But apart from his achievements in fashion, Beau Brummel also certainly left his mark on western culture, particularly in literature. He had hardly fled England when a collection of stories and anecdotes about him appeared under the name “Brummelliana”. And over the next decades he appeared in several stories, novels, and essays. His popularity as a character lasted well into the 20th century, where he can be found in ads and pop songs. And, of course, in musicals: next to a reference in Cats, his name for example also appears in this song from Annie:13

But back on topic: although the expression “Brummel of cats” might simply refer to the fact that Bustopher is a cat, and therefore not an actual member of the human gentlemen’s clubs he visits, Bustopher’s clothes are clearly a mock attire of what Brummel said was the right thing to wear. And he is also obsessed with his looks, as we can see him mirror himself in his oversized spoon. So maybe he is also living above his standards? Is he, in fact, a fake and therefore not that different from Mungojerrie and Rumpleteazer/Rumpelteaser?

Maybe Bustopher is lying altogether: I tried to look up the names of the clubs that are mentioned in both poem and song and none of them appear to be real London gentlemen’s clubs. Even more so: the Drones Club mentioned in both poem and song is known to be a fictional club. It’s a recurring fictional location in the comic short stories of British writer P. G. Wodehouse, one of whose story collections is actually titled Young Men in Spats.14 Quite a coincidence if you ask me.

mungojerrieSo on the one hand you could argue that the reason why you can find such social opposites as Bustopher Jones and Mungojerrie& Rumpleteazer/Rumpelteaser in each other’s company is because they are in fact both liars and con-artists. The musical, however, has also provided its own solution to this problem in the past: in the original Broadway production that followed a year after Cats first West End appearance Mungojerrie and Rumpleteazer/Rumpelteaser aren’t Jellicle members. Their song is acted out by other Jellicle Cats in the form of a little play they perform for Bustopher Jones.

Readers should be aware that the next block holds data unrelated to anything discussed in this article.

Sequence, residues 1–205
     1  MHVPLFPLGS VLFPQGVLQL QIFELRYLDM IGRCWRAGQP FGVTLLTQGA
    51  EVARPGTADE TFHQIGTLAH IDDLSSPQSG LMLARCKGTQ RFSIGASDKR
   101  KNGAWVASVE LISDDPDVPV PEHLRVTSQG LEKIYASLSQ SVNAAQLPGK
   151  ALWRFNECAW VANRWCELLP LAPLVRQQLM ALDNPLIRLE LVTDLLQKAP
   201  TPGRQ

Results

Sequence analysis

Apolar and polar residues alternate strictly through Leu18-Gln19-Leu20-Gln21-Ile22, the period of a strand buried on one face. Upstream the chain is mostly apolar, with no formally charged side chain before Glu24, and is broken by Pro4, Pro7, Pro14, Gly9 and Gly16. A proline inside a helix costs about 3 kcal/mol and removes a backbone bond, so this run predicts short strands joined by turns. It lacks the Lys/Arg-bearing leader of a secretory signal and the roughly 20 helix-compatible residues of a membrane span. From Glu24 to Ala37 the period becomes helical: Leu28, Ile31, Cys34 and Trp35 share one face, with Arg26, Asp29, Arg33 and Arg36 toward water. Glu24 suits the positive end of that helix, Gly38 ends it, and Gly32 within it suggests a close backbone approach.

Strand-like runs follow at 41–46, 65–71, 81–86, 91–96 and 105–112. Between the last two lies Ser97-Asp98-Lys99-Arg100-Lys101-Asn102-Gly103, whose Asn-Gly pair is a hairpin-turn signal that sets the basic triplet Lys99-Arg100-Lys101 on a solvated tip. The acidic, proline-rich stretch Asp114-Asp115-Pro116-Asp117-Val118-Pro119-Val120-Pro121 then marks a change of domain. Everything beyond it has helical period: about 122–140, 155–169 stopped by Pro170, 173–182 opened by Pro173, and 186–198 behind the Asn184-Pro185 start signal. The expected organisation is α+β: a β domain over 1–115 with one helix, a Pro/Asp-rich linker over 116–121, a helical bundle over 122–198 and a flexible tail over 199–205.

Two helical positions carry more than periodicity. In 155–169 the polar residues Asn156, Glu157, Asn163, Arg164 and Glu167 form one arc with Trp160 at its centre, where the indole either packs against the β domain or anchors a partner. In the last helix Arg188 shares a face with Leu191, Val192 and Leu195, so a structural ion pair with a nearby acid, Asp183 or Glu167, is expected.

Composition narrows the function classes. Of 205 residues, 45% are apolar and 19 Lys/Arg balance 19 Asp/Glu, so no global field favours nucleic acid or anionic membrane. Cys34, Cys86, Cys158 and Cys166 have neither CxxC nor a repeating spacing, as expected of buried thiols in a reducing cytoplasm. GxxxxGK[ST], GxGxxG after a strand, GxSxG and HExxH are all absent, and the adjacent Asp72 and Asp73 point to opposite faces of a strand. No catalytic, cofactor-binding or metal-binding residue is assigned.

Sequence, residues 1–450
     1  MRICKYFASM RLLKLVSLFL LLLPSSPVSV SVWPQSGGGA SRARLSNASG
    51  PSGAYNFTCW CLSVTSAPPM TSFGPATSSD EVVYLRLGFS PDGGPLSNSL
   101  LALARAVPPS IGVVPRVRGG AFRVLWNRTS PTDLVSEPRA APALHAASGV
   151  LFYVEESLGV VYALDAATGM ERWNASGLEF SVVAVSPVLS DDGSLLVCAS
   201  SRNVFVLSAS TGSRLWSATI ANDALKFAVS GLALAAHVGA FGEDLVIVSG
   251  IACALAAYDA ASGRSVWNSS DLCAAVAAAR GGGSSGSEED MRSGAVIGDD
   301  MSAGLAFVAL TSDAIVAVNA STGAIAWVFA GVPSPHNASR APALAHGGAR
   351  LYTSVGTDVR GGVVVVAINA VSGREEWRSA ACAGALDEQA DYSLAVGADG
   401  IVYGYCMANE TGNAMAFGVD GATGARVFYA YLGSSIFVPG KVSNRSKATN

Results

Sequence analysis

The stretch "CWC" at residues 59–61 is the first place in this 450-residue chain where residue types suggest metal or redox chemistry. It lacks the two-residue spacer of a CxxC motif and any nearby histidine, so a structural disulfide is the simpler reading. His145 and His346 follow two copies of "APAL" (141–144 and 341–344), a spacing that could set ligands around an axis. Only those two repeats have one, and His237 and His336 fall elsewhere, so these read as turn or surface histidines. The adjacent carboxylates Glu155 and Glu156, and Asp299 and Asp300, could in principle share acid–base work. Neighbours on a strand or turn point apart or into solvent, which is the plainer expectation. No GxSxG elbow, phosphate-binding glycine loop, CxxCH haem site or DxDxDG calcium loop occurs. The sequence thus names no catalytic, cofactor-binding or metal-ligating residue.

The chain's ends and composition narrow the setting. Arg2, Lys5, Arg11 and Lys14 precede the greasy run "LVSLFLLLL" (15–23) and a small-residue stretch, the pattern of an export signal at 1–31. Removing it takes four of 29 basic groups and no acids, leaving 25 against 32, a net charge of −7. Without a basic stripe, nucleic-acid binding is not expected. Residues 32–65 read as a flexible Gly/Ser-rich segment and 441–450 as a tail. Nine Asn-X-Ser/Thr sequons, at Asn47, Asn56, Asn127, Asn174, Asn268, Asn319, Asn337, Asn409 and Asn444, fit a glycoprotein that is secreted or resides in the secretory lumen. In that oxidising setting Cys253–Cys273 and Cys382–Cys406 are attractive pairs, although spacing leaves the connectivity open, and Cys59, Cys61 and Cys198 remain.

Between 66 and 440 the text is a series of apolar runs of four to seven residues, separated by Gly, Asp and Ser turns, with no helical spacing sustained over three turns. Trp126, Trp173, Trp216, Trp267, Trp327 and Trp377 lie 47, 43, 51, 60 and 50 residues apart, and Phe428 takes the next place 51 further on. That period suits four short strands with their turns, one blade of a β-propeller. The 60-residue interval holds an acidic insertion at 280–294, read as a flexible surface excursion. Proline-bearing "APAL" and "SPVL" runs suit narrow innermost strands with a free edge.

In this version, Mungojerrie and Rumpleteazer/Rumpelteaser are two puppets made out of junk that are brought to life by the magic of Mr. Mistoffeles (don’t worry, I will get to him in another blog). This alternative take on the characters lasted for about 5 years. In 1987 the song was given back to a real life Mungojerrie and Rumpleteazer/Rumpelteaser.15

Unfortunately I couldn’t find any footage of this Mungojerrie and Rumpleteazer/Rumpelteaser Broadway puppet show. And although I do think it’s very creative and well thought out, seeing how Mungojerrie is also mentioned in “Macavity: The Mystery Cat” and they decided to turn Macavity into this musical’s ‘antagonist’ (again, something I will get back to in a later blog), I also think it’s a pity that this solution is actually at the expense of the best dance routine this show has. Maybe a better fix had been to make Bustopher a more obvious fraud. I mean, it’s not as if this Jellicle tribe/cult/sect had such a flawless reputation before these two songs.